We’re here to die, just live and die. I live driving a cab. I do some fishing, take my girl out, pay taxes, do a little reading, then get ready to drop dead. Life is a big fake! You’re rich or you’re poor. You’re here, you’re gone. You’re like the wind. After you’re gone, other people will come. It’s too late to make it better. Everyone’s fed up, can’t believe in nothing no more. People have no pride. People have no fear! People only care about one thing and that’s money. We’re gonna destroy ourselves, nothing we can do about it. The only cure for the world’s illness is nuclear war--wipe everything out and start over. We’ve become like a cornered animal, fighting for survival. Life is nothing.1
There is a haunting candor behind this man’s admission. But fearful of seeing ourselves reflected in his portrait, we rationalize his predicament: “Of course a man struggling to make a living, harried by those in control of his life, is bound to seem hopeless as well. If he were given unbridled freedom with no monetary constraints, meaninglessness would vanish.” We may not word it in such a way but quietly assume that it is so. As we unpack that assumption, we get to the core of what meaninglessness is all about and why it is endemic to the human situation.
No piece of ancient literature was more forthright and more penetrating of this struggle than the book of Ecclesiastes, credited to the pen of Solomon. His opening lines charge into his deduction--“Meaningless! Meaningless! Everything is meaningless!” Then he takes a regressive journey, cataloguing his path to that cynicism--wisdom, pleasure, work, material gain, and much else. He comes away empty.
I denied myself nothing my eyes desired;
I refused my heart no pleasure.
My heart took delight in all my work,
and this was the reward for all my labor.
Yet when I surveyed all that my hands had done
and what I had toiled to achieve,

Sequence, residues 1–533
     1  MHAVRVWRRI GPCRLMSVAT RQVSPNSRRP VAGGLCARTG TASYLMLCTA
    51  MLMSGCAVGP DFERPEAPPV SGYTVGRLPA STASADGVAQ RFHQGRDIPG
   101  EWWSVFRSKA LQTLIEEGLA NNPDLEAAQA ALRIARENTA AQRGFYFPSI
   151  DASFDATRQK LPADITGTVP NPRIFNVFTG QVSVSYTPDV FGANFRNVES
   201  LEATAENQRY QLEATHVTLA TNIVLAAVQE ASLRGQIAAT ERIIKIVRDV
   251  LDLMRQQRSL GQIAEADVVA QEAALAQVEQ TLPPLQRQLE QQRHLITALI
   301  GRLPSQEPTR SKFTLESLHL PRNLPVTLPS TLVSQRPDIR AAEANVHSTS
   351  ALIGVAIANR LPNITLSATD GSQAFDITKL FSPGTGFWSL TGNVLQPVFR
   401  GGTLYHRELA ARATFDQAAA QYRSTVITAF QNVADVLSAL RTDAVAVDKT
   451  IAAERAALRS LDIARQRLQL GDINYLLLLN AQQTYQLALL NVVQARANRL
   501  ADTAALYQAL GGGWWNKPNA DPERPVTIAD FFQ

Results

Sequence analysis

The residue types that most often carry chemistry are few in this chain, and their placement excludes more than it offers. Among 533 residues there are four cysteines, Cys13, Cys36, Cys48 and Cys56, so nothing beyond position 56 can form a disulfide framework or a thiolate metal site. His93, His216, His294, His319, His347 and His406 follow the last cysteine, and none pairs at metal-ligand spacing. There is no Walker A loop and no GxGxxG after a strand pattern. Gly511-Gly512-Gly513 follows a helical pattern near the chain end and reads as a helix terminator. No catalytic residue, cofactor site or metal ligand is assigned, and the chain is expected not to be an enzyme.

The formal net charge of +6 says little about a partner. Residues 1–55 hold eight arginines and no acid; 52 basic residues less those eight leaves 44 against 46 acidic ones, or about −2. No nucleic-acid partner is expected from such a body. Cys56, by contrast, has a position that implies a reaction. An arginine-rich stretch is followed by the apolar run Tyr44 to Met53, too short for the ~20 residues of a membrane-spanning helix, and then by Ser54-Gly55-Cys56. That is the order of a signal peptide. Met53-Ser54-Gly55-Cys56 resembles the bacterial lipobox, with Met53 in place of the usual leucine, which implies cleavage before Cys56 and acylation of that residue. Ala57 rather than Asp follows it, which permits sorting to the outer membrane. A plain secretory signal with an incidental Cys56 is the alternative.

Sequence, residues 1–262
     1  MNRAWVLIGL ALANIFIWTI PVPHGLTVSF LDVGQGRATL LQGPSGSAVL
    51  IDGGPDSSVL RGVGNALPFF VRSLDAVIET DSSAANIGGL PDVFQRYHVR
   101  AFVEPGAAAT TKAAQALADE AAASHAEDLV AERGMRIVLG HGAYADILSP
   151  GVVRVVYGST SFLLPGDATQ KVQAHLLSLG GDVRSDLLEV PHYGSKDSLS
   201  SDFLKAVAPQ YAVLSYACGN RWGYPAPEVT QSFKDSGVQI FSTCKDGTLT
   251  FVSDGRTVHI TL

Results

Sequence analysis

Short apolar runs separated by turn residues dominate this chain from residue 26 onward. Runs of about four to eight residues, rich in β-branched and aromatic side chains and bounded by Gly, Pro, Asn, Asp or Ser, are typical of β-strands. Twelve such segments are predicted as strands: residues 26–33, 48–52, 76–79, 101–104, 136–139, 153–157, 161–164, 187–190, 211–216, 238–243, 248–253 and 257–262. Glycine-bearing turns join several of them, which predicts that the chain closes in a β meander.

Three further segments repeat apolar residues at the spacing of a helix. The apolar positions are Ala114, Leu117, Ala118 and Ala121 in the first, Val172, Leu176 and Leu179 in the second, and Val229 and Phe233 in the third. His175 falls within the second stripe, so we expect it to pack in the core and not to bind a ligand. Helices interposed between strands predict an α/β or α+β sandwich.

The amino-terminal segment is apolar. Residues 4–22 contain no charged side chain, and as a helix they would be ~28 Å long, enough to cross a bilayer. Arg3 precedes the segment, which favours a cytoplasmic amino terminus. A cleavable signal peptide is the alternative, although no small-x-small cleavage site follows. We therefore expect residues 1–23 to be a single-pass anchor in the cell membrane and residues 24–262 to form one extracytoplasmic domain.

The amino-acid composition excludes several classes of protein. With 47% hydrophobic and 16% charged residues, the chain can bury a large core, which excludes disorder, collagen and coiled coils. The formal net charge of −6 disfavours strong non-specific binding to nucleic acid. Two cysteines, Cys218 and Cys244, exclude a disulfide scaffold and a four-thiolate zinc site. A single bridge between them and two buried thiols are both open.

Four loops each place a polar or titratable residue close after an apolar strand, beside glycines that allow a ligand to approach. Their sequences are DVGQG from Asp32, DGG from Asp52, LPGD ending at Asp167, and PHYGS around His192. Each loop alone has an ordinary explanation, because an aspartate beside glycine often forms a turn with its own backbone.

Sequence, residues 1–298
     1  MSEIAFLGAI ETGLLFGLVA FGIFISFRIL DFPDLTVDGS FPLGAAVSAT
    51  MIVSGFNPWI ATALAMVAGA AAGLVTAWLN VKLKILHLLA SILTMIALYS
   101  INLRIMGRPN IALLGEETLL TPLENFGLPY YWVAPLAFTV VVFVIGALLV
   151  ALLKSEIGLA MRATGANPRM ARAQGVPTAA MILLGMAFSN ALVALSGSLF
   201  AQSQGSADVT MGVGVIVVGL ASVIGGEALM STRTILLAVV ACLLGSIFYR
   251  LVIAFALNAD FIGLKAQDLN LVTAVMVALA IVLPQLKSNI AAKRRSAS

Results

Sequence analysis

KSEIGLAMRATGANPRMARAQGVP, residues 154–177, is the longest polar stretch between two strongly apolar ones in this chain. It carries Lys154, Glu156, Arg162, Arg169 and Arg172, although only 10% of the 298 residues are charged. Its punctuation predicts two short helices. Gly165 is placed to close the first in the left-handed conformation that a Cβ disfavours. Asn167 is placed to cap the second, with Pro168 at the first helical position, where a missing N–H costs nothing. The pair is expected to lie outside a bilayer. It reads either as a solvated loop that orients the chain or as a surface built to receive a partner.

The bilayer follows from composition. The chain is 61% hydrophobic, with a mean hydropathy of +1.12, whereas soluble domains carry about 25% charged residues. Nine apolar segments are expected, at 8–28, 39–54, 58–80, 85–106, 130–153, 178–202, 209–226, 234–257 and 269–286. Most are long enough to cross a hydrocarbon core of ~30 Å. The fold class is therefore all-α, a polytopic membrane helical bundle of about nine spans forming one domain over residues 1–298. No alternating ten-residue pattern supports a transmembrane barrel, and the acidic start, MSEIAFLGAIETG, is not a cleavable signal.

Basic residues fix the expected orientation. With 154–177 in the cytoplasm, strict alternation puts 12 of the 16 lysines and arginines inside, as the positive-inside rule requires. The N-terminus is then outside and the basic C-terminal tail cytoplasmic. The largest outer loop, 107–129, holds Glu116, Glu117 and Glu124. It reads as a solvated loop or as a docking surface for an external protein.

everything was meaningless, a chasing after the wind;
nothing was gained under the sun.
This was no Sisyphus speaking. At Solomon’s command, others rolled stones up steep hills so that he could build his stables, palaces, and temples. He was a man who boasted capacities of unparalleled intellect and imagination that made him the envy of many, and who presided over the most pompous court of his time. In the end, he groaned that “under the sun” there was a monotony, a circularity, and a fatality to all human endeavor.
This assessment by Solomon presents a most startling, almost fearsome reality: Meaninglessness does not come from being weary of pain but from being weary of pleasure. Solomon is not the only one surrounded with wealth and success who has talked of such disappointment at the end of the road. That refrain is repeated with constancy. A modern-day writer, Jack Higgins, was asked at the pinnacle of his success what he now knows that he wished he had known as a younger man. “I wish I had known that when you get to the top, there is nothing there.” So it is not the condemnation of Sisyphus that restricts meaninglessness to the ranks of the monotonous. The condition is universal and cuts across cultures, wealth, and generations.